"There is no doubt that the mother was influenced by her affection and confidence in her son and by her gratitude to him and his family for years of devotion and service, for which little was ever paid. Hatred and indifference is not necessary to sustain a deed from mother to son nor is gratitude or affection from the mother to the son fatal to it. The only undue influence which will void a deed is an unlawful or fraudulent influence which controls the will of the grantor. The natural influence of affection of a parent for a child is neither fraudulent nor illegal, and courts will not set aside a deed because it is induced by such an influence unless it should appear from the evidence that this influence was purposely and improperly exercised to confuse the judgment and to overcome the free will of the grantor. No such use of influence can be found in this record. The undue influence which is sufficient to set aside a conveyance upon a proper and timely application therefor exists where there is a forceful assumption of a dominant influence of the grantor. In order to set aside a conveyance, the undue influence must be such as to overcome the will of the grantor to the extent that he is prevented from voluntary action and is deprived of free agency."

There are instances where even though the conveyance be between parent and child, it is clearly shown that there was, in addition, a relation of trust and confidence. In the instant case, however, as in Burton v. Burton, supra, "There is no evidence to support the claim of special trust and confidence save the blood relationship and this is insufficient." See, also, Fister, Admr. v. Fister, 122 Colo. 432, 435, 222 P.2d 620.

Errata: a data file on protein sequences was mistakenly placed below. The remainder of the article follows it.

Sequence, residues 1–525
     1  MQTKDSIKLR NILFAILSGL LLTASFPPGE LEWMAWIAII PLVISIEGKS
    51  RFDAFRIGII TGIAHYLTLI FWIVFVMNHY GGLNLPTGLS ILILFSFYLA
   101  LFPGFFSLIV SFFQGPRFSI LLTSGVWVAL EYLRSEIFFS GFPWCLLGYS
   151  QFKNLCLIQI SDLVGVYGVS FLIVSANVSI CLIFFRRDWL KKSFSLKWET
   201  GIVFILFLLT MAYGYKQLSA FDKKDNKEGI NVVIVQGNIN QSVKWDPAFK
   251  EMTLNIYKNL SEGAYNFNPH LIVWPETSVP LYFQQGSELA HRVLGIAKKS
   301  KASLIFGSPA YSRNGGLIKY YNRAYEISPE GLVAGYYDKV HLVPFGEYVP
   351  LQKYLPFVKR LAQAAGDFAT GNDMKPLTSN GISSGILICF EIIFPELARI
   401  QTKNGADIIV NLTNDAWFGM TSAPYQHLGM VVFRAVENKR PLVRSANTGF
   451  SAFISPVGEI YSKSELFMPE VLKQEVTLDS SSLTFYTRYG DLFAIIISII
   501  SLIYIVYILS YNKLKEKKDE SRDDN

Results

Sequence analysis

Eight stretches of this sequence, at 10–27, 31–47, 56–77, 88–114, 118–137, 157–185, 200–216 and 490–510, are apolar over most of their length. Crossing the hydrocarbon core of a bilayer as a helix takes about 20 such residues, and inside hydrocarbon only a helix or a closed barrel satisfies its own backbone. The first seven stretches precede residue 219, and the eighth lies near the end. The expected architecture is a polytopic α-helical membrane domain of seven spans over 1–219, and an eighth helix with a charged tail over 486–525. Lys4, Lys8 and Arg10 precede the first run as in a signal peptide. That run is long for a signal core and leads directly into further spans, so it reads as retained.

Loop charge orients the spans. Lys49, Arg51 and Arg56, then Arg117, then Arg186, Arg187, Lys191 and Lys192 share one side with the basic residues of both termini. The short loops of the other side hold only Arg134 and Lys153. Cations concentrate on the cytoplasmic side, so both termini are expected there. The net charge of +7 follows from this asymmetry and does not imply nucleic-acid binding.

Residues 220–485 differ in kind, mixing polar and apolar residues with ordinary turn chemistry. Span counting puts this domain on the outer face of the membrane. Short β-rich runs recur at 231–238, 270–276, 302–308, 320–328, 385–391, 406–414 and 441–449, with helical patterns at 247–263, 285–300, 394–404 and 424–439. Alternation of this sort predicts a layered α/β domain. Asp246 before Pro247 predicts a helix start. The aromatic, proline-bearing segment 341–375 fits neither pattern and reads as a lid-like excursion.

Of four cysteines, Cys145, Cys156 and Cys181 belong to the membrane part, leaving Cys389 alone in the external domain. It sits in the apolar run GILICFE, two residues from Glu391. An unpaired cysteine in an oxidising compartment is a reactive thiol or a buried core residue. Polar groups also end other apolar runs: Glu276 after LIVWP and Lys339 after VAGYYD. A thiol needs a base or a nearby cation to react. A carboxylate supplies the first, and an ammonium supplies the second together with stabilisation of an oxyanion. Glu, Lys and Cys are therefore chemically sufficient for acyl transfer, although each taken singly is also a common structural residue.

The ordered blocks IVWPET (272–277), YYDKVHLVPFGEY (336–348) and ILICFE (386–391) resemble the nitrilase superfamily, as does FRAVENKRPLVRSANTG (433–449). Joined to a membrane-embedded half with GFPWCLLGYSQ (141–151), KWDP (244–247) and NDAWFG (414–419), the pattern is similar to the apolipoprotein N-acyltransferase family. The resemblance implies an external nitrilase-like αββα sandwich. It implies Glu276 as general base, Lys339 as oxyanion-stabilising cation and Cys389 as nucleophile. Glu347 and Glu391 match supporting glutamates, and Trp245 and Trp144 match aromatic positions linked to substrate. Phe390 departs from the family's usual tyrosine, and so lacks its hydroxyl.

In addition to blood relationship between Otto and George it is contended that other "badges of fraud" are that the conveyance was made without the consent of plaintiff; that it deprived her of her rights to support and inheritance; and that the deed was delivered to a third party and not to the grantee, all of which are answered adversely to plaintiff's position in the recent case of Thuet v. Thuet, supra; in which it was also held that the grantee need not even have knowledge of the deed. See, also, Bostron v. Bostron, 128 Colo. 535, 265 P.2d 230.

It is contended that the trial court erred in entering judgment of dismissal at the close of plaintiff's case. Since the trial court actually disposed of the case upon its merits, how can it logically be said that hearing the defendant's side of the controversy could have resulted to plaintiff's benefit? The findings of the trial court that no undue influence was shown, under the authority of decisions cited by the court and based upon ample supporting evidence, may not be disturbed by us upon review. Mehlbrandt v. Hall, supra. A judgment of dismissal is entitled to every presumption of regularity. Nelson v. Centennial Casualty Co., Colo., 273 P.2d 121.

The findings of the trial court being amply justified by the record, and its judgment being in conformity with the law, it should be, and hereby is, affirmed.

HOLLAND, J., dissenting.